After a small ribbon-cutting ceremony, U.S. Army Spc. Mike DeMarinis gave the restaurant the flag he carried while serving in Iraq and Afghanistan. DeMarinis said the flag once flew over one of Saddam Hussein's palaces. The flag hangs on the back wall of the restaurant, next to a glass-encased flag that flew over the World Trade Center.
The Philly egg roll was one of the highlights of our visits to Sinful Burger. CJ Nearing came up with the idea to put sliced beef, onions, peppers and cheese into a egg-roll wrapper and deep fry the whole thing. A second version of the egg roll comes with the flavors of a classic Reuben.
Four full-sized Philly egg rolls fed me, my wife and both kids. The Philly comes with chipotle mayo while the Reuben is served with Thousand Island dressing.
After spending many summers in Philadelphia, I never would have combined a wonton wrapper and cheesesteak. But it somehow works: The crunchy wrapper surrounds the surprisingly authentic flavor of a cheesesteak sandwich. It's a little gooey, but you'll be glad you tried it.
The most popular burger is the Sinful Burger. This is the one the Nearings first started making for their friends. A half-pound burger is stuffed with melted American cheese.
The menu says the burger will be prepared medium (Juicy Lucy style) with some pink. My wife asked for her burger to be medium rare and was very pleased when she cut it open. Kris always wants meat to be closer to rare than medium rare, and this was cooked perfectly.
After trying three of the burgers — Envy, Lust and Sinful — during our two trips, I ordered Debbie's Famous Indian Taco. The taco is a family recipe from Debbie Nearing's Sioux upbringing.
Thick, yummy Indian fry bread, a flat piece of yeasty dough fried until crisp, is topped with homemade chili, cheese, onions, tomatoes and a dollop of sour cream. The chili was filled with big chunks of beef and beans. I like my chili spicier than this was, but a drop or two of hot sauce kicked the spice up to where a New Orleans native needs it to be. I suggest you order the taco to share because it really is too much for one.
The kids' menu includes grilled cheese, chicken strips and a kid-size cheeseburger. The chicken strips are too delicious to be just for kids. The strips aren't spicy, but there's pepper and several other spices in the breading — another Nearing secret recipe. The strips are so juicy and flavorful it made me sad that I didn't order the Toaster sandwich, a chicken strip sandwich with cheddar cheese and chipotle mayo.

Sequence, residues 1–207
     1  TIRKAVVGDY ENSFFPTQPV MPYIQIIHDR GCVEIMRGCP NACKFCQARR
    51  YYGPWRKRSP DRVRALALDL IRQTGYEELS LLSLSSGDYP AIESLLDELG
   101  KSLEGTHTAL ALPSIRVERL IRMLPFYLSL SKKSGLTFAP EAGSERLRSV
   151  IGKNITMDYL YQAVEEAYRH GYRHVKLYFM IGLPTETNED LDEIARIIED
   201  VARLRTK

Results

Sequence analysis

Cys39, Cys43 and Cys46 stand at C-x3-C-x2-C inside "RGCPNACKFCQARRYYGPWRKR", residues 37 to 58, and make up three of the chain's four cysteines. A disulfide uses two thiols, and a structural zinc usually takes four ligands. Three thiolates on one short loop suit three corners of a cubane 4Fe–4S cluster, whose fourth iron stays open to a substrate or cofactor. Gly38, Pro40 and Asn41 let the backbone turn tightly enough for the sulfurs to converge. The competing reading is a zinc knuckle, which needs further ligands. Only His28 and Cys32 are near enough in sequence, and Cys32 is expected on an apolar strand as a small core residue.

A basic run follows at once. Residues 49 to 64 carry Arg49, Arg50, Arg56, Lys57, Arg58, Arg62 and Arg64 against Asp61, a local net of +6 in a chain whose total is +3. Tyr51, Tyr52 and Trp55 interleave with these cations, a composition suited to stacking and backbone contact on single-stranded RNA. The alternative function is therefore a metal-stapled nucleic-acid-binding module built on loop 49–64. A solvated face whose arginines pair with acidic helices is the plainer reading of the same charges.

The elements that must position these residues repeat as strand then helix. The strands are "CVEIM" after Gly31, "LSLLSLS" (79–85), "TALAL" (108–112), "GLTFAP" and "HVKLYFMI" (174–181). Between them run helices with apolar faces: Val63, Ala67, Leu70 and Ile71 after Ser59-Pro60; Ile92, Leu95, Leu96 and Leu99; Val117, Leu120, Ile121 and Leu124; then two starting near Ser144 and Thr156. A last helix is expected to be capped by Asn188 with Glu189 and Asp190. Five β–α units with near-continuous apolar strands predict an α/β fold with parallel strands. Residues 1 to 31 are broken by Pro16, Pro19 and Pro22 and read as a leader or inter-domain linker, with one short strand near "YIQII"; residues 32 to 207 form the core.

We had the fried ice cream for dessert. Sinful's version is a fried cinnamon and sugar tortilla covering a scoop of vanilla ice cream with chocolate syrup drizzled across the whole thing and powdered sugar on the top. My favorite part of fried ice cream is always the balance of the cold and hot, but this time, the chocolate syrup really made the dish. In the past, I've had it drizzled with raspberry or strawberry sauce. Now that I've had it, I prefer chocolate. My wife and I shared it and both got enough.
Jim and CJ Nearing say they want Sinful Burger to be a place where families can eat during the day and adults can drink and watch sports at night. So that explains the "man mug," as Jim calls it: a 21-ounce beer goblet that can be filled with one of six beers on tap.
Selections from local breweries including Lucky Bucket lager and Winter Snow Suit, and Nebraska Brewing Co.'s Infinite Wit, are among the six. Two Empyrean Brewing Co. beers are available in bottles. The full bar also includes monthly shot specials and several martinis.
The Nearings said they know that lots of national chains and local outposts serve burgers across Omaha. They hope their burgers stand out.
I may not know what's in their sinful, secret recipes, but judging from the taste of their food, I think they might be right.
Mike'l Severe is the co-host of "Unsportsmanlike Conduct," a sports talk show on 1620 The Zone Radio, weekdays from 2 p.m. to 6 p.m. He grew up in New Orleans, spending most of his childhood in his grandmother's kitchen. He first learned to cook from his father, Henry, who was a chef for more than 50 years. Mike'l and his wife, Kris, love to try new restaurants every Friday on date night.